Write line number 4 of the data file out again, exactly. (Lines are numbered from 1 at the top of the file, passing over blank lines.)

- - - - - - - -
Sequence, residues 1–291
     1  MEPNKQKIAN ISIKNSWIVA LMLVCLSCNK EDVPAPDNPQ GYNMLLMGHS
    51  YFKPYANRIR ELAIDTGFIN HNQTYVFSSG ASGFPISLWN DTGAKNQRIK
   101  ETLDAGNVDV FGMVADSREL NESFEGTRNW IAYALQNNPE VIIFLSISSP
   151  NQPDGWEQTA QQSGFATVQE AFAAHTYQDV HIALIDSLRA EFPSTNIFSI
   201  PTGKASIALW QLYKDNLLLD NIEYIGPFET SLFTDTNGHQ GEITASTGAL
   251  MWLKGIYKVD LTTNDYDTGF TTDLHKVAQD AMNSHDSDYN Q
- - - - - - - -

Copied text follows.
   101  ETLDAGNVDV FGMVADSREL NESFEGTRNW IAYALQNNPE VIIFLSISSP